Great Review of our Lincoln Book

Sarah C. from Savas Beatie just sent us a review printing in the NYMAS Newsletter Winter/Spring 2021-222 (page 16). Here it is:

Lincoln Comes to Gettysburg:
The Creation of the Soldiers’ National
Cemetery and Lincoln’s Gettysburg Address
,
by Bradley Gottfried and Linda Gottfried


There have been many books written on
Abraham Lincoln’s visit to Gettysburg and his
famous address there, but few tie the battle of
Gettysburg and the deaths and burial of over
8,000 soldiers, with the creation of the Soldiers’
Cemetery and the President’s visit and speech. In
Lincoln Comes to Gettysburg, Bradley Gottfried,
the author of many books on the Civil War and
his wife, graphic designer and sculptor Linda
Gottfried, describe the proceedings concerning
the establishment and dedication of the Soldiers’
National Cemetery, concentrating on Lincoln’s
travels and two-day visit to Gettysburg on
November 18- 19, 1863. The book uses text,
anecdotes, and images to explain the founding of
the cemetery, and the ceremony memorializing
the significant actions of the Army of the
Potomac and their consequences.
In the aftermath of the battle in July, Lincoln
was invited to make a few remarks to help
dedicate the new cemetery. He spoke briefly of
the battle, the war, and the founding of the
country with the Declaration of Independence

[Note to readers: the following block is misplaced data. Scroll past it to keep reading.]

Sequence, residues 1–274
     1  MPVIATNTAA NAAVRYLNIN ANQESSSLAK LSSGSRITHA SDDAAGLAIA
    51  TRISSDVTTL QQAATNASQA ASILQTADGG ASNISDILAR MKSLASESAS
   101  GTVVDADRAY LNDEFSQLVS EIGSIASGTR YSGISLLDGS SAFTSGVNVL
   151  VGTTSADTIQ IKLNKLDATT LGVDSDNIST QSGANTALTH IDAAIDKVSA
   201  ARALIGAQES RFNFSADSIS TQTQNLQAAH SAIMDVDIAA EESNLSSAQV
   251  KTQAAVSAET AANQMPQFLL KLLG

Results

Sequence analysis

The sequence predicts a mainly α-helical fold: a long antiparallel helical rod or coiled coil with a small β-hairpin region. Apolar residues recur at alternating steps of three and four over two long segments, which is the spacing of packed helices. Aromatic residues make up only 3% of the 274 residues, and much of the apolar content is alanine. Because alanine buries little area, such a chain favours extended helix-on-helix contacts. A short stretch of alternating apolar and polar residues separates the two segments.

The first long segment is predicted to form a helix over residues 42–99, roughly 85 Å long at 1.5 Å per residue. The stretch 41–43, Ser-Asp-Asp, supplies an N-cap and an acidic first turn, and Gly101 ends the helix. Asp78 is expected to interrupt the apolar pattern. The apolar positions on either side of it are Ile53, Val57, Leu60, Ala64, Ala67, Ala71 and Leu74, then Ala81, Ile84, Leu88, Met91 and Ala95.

and the Constitution, but primarily of the soldiers
who survived as well as those who died and the
need to complete the task that they had begun, to
restore the nation. His 272 words inspired the
North to bring the war to an end, to preserve and
extend the rule of the people. Even the primary
orator, Edward Everett – who spoke for two
hours — was unable to summarize the issues as
well as Lincoln in his brief address.
No famous speech is shorter than Abraham
Lincoln’s Gettysburg Address, and none has been
analyzed at greater length. Can anything still be
said about the speech that has not already been
said? The answer is yes. The Gottfrieds offer
fresh and stimulating insights on the origins,
meaning, impact, and continuing relevance of the
Address.
Their account unfolds in thirteen short
chapters, providing a blow-by-blow looks at the
circumstances, need, planning for the cemetery,
the leadership and competition between people
such as David Wills and David McConaughy,
who helped create the cemetery, the ceremony
itself, and the writing, reaction, and legacy of the
Gettysburg Address. They offer what is equally a
sympathetic and nuanced story of the individual
human beings who died in the battle and were
buried at the cemetery. The Gottfrieds carefully
intersperse the tale of the establishment of the
cemetery and the dedication with first hand
accounts of the experiences of individual soldiers
and others, thus adding many often thoughtful
details that for this writer brought to life this
crucial moment in our country’s history and
made me think about it in a new way.
Three appendices – Lincoln’s activities at
Gettysburg, the perception of the Address, and a
tour of the cemetery – plus numerous maps and
many illustration which enrich the Gottfried’s
account.
Well written, hard to put down, and an
excellent read. Lincoln Comes to Gettysburg is
among the best volumes in Savas Beatie’s
“Emerging Civil War Series” and is highly
recommended.

Lincoln Comes to Gettysburg: The Creation
of the Soldiers’ National Cemetery and
Lincoln’s Gettysburg Address
, by Bradley
Gottfried and Linda Gottfried. El Dorado Hills,
Ca.: Savas Beatie, 2021. Pp. xii, 182. Illus.,
maps, appends., index. $14.95 paper, ISBN 978-
1-6112-1561-8. –David Marshall

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